Trailblazing auteur Márta Mészáros gives aching expression to the experiences of women in 1970s Hungary in this sensitive and absorbing slice-of-life drama, which became the first film directed by a woman to win the Golden Bear at the Berlin Film Festival. Through intensely intimate camerawork, Mészáros immerses the viewer in the worlds two women, each searching for fulfillment: Kata (Katalin Berek), a middle-aged factory worker who wishes to have a child with her married lover, and Anna (Gyöngyvér Vigh), a teenage ward of the state determined to emancipate herself in order to marry her boyfriend. The bond that forms between the two speaks quietly but powerfully to the social and political forces that shape women’s lives as each navigates the realities of love, marriage, and motherhood in her quest for self-determination.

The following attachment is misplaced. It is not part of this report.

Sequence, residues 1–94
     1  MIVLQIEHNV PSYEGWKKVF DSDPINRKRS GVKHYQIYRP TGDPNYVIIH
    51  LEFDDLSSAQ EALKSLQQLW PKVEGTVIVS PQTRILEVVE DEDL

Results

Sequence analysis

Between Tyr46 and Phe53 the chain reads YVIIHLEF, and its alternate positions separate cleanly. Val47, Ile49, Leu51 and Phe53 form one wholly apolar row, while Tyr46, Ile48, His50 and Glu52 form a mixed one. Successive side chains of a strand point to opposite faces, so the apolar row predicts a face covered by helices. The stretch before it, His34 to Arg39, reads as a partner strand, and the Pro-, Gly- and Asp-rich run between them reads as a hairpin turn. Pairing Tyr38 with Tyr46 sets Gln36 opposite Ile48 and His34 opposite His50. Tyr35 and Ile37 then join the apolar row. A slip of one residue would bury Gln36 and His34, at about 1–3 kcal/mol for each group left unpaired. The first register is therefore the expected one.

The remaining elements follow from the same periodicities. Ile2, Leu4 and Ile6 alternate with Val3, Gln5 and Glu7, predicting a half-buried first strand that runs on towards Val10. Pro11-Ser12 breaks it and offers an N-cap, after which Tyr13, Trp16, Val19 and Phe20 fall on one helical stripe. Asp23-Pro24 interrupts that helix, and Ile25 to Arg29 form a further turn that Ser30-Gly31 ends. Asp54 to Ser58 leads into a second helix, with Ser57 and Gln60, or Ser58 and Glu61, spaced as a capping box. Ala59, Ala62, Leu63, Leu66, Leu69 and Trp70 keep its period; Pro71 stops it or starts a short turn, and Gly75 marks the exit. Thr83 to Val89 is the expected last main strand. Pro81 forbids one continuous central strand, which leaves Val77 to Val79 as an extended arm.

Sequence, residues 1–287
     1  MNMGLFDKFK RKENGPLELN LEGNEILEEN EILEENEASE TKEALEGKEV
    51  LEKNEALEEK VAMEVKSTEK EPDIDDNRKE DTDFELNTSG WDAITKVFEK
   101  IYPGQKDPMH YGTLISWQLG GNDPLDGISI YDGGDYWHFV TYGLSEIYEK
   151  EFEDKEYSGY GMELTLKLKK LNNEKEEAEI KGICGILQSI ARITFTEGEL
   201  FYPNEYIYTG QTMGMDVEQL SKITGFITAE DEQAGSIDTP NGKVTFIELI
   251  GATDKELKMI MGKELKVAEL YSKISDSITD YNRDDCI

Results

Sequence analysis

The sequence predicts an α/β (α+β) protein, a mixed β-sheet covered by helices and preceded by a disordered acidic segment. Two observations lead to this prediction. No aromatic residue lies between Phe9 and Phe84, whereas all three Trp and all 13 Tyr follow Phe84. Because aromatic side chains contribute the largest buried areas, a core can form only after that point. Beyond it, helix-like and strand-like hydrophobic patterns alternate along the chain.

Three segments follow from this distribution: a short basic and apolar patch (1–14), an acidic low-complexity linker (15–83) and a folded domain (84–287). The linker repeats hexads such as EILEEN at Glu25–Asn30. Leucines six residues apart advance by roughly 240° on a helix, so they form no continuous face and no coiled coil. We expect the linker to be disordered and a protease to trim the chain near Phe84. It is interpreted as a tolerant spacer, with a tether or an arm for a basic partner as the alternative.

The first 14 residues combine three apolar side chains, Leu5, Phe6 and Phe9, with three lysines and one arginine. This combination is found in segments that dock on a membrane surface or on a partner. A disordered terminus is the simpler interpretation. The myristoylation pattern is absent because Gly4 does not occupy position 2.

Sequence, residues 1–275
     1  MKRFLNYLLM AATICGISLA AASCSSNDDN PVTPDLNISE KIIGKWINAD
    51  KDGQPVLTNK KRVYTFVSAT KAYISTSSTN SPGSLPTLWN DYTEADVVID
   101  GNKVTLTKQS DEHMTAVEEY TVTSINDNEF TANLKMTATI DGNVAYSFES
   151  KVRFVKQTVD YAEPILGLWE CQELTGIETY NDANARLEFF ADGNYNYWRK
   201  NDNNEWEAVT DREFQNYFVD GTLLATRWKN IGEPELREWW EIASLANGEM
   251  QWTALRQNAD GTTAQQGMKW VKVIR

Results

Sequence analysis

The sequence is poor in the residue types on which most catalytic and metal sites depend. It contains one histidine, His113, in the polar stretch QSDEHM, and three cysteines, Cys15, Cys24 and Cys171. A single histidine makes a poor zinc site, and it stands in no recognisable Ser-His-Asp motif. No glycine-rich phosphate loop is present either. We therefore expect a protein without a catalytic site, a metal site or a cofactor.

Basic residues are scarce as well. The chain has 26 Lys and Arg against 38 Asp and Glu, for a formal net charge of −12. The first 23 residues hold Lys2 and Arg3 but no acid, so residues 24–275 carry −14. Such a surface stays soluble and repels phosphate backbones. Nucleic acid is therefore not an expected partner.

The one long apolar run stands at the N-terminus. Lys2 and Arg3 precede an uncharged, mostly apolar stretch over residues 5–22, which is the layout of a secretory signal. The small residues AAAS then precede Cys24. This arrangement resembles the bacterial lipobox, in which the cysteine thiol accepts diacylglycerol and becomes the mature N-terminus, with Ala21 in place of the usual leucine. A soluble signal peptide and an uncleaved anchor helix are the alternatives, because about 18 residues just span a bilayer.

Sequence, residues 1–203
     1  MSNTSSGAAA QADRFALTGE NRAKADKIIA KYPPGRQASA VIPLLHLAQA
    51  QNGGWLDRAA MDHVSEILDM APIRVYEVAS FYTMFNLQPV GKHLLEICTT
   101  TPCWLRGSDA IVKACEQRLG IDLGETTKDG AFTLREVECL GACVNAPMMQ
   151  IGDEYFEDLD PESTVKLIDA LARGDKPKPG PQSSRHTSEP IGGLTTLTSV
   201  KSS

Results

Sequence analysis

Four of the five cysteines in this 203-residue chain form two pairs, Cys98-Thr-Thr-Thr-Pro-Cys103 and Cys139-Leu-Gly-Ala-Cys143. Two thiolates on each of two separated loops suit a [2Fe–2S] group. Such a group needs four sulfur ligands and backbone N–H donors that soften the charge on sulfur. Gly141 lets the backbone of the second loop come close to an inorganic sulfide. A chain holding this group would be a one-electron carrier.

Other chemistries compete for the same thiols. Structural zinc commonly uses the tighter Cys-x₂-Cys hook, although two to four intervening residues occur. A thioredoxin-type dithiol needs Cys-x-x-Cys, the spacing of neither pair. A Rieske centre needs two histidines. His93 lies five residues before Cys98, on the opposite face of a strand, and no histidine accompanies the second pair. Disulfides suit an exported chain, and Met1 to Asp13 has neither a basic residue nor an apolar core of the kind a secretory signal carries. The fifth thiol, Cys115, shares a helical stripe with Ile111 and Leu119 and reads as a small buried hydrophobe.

The themes, images, and cultural vernacular of Victor Fleming’s The Wizard of Oz continue to haunt David Lynch’s art and filmography—from his very first short, The Alphabet, to his latest series, Twin Peaks: The Return. Arguably, no filmmaker has so consistently drawn inspiration—consciously or unconsciously—from a single work.
Alexandre O. Philippe
Childhood friends Pietro and Bruno experience maturity, loss, and the rediscovery of an unbreakable connection when they reunite in adulthood to build a cabin on the rugged slopes of the Italian Alps.
One of the major achievements of twenty-first-century cinema thus far, Béla Tarr’s mesmeric parable of societal collapse is an enigma of transcendent visual, philosophical, and mystical resonance.
Béla Tarr and Ágnes Hranitzky